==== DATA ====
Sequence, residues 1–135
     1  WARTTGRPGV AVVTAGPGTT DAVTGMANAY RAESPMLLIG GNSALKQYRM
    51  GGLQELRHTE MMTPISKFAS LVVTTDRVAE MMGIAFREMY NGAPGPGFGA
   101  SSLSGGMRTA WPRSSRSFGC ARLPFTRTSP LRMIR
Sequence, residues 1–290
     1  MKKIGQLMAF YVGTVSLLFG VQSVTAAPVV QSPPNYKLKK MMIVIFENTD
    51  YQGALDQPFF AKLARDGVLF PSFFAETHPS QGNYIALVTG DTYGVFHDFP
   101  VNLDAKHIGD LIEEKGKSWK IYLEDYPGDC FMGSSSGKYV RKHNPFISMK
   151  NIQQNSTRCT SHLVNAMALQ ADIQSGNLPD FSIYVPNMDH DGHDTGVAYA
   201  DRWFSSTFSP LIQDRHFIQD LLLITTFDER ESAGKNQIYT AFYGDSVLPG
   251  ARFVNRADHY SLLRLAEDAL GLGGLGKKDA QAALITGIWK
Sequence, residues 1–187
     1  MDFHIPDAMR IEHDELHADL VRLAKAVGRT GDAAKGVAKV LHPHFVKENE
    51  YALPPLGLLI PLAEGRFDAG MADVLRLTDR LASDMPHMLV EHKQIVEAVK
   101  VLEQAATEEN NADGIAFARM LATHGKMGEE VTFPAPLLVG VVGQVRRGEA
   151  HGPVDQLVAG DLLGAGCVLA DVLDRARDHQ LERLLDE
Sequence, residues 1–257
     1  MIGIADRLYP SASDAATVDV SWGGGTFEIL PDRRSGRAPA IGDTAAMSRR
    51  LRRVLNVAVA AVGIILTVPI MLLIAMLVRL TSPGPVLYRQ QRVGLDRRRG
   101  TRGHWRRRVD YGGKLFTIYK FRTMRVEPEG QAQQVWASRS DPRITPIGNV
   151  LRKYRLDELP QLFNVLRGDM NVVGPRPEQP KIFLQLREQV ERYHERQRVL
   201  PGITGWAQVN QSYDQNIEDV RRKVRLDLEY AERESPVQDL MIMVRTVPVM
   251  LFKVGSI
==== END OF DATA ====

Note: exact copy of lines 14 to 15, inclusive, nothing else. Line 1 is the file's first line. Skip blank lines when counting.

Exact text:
    51  YALPPLGLLI PLAEGRFDAG MADVLRLTDR LASDMPHMLV EHKQIVEAVK
   101  VLEQAATEEN NADGIAFARM LATHGKMGEE VTFPAPLLVG VVGQVRRGEA